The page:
“The stock market is a device to transfer money from the ‘impatient’ to the ‘patient’.”
A word from our Chief Investment Officer, Tom Mallini
For the last twelve months I have been trying to get my mind around the economic impact of the significant monetary and fiscal stimulus injected into the US economy as a result of the pandemic. Let me say outright, that I believe pumping money into the economy was the right thing to do considering the uncertainty created by the need to shut down the economy in an attempt to control the spread of Covid 19. No one knew how long a shut down would last and how Americans would survive potentially significant income reductions for an indeterminate period of time.
Considering that the US and most world economies have significantly reopened, what is the current and future impact of the $9.85 trillion that the government has inserted into the US economy via outright cash payments and quantitative easing? This represents about 43% of our annual GDP. We are certainly seeing heightened inflation and increasing interest rates. Is a recession looming?
Expectations have become less optimistic
Let’s begin by studying how the thinking of “smart” people (FOMC members and economists) has evolved from the Fall of 2020 through today. To do this we can examine the evolution of thinking as set forth in two tools. First, the Quarterly Summary of Economic Projections published by the Federal Reserve Board Federal Open Market Committee and secondly, the Wall Street Journal quarterly survey of approximately 65 economists. The charts below are extracted from the FOMC forecasts of September 16, 2020 and June 15, 2022 as well as the Wall Street Journal surveys of October 2020 and July 2022. This comparison demonstrates just how difficult accurate economic forecasting is considering how economic factors change significantly and rapidly over time.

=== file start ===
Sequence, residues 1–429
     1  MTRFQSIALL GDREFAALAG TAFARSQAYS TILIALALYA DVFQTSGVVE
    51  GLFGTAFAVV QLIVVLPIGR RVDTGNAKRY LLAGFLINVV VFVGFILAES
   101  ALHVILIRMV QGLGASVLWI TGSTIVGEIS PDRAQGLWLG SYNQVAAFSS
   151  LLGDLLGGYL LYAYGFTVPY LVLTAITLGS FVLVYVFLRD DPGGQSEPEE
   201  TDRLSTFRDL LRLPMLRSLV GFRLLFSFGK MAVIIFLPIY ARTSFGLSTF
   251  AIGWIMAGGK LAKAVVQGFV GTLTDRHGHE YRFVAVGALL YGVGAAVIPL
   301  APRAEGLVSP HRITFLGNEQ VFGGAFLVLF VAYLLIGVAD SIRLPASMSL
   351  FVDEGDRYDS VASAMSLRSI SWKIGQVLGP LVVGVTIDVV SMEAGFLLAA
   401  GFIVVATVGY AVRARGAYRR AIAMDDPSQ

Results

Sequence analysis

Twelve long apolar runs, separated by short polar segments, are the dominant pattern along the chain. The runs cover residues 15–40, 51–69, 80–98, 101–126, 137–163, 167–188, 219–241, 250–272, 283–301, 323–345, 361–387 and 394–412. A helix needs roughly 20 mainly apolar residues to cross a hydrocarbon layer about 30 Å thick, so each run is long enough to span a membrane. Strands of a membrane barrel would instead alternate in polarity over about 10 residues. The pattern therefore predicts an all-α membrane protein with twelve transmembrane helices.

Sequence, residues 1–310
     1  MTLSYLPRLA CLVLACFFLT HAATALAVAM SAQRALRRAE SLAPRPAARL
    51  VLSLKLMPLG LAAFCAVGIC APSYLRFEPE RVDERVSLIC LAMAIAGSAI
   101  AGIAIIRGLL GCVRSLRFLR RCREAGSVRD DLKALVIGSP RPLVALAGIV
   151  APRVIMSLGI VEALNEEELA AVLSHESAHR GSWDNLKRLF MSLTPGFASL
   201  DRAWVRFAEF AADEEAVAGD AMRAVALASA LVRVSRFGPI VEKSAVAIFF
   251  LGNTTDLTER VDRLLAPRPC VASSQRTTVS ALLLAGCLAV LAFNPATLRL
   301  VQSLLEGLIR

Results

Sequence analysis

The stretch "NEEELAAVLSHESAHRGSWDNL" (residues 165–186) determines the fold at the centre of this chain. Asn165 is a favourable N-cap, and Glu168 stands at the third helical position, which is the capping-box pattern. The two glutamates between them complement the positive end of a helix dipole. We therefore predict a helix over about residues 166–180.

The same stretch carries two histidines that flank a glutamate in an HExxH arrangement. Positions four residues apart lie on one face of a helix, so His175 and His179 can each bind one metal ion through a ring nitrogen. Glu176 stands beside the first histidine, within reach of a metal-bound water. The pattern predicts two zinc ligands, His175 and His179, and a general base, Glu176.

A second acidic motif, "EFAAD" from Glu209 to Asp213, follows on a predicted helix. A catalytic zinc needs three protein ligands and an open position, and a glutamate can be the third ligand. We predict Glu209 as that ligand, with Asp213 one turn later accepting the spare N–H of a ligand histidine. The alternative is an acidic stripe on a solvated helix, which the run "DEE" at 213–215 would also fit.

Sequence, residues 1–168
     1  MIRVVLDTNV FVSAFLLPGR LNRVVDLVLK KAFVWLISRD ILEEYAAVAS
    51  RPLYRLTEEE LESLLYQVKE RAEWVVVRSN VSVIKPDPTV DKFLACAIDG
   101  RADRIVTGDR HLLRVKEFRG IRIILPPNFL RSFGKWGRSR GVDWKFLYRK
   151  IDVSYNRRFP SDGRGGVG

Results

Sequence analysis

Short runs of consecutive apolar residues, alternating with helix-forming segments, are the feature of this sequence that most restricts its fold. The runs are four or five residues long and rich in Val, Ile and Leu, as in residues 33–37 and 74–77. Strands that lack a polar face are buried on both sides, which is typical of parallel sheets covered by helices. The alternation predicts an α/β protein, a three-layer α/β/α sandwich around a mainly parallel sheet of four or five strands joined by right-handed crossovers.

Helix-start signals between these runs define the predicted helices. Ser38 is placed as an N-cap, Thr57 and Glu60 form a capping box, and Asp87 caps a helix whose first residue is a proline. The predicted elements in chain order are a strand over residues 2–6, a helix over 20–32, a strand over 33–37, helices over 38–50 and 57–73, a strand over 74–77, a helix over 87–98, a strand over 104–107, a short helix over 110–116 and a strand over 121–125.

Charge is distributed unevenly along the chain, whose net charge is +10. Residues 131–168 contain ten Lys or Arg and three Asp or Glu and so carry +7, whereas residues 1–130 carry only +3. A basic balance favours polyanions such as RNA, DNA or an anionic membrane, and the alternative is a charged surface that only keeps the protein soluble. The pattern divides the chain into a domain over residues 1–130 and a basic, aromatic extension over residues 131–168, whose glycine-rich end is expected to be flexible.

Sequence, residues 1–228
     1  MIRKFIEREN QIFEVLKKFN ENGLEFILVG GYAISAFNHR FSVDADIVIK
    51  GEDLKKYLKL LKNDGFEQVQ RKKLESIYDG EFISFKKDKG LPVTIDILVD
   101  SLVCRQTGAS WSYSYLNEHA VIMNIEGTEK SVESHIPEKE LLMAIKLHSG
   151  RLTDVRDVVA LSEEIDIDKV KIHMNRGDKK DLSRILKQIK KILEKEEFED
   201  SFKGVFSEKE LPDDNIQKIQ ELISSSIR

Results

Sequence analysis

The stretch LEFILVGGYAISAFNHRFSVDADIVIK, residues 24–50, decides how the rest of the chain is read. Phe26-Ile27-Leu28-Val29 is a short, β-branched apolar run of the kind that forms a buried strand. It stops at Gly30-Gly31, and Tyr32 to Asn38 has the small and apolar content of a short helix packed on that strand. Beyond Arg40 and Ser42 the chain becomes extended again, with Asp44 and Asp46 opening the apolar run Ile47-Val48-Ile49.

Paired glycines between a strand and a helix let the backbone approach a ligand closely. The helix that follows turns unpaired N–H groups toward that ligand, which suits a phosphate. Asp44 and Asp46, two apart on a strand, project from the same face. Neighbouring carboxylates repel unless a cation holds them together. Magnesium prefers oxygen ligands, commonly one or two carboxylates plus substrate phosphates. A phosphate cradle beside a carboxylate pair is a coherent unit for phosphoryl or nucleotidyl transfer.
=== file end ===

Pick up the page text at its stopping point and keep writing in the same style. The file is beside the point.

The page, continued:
In September 2020 the FOMC forecast projected the change in GDP for the year 2022 to be 3.0% and for the year 2023 to be 2.5%. Their June 2022 forecast predicted growth in 2022 to be 1.7% for both 2022 and 2023 showing a significant decline in expected growth.
On September 2020 the FOMC projected core PCE inflation to be 1.8% in 2022 and 2.0% for 2023. Its June 2022 forecast increased inflation expectation to 4.3% for 2022 and 2.7% for 2023. The Federal Reserve has moved from an expectation that inflation would be “transitory” to a realization that it will not be, and that aggressive action is necessary to reduce the rate of inflation to its target of 2%. In other words, it is not going away on its own and it is much higher than previously forecasted. The action it is taking is raising interest and removing quantitative easing. In September 2020 the FOMC forecasted the Federal Funds Rate to be .1% at year end 2022 and 2023. Its June 2022 forecast projects the Fed Funds Rate to be 3.4% in December 2022 and 3.8% in December 2023.
This same pattern is found in the Wall Street Journal’s survey of economists. The July 2022 survey compared to the Fall of 2020 reveals slower expected GDP growth, higher core PCE inflation and higher interest rates. Interestingly though, is the fact that both resources forecast little if any change in the outlook for GDP and inflation in the “long run”. Will an aggressive attack on inflation bring about a recession? Consistent with the above forecasts the FOMC increased their Fed Funds Rate range to 2.5%-2.75%, 75 basis points at the July meeting. Furthermore, speeches made by Federal Reserve Bank Presidents since that meeting have reaffirmed their commitment to returning the inflation rate to their target of an average of 2.5%.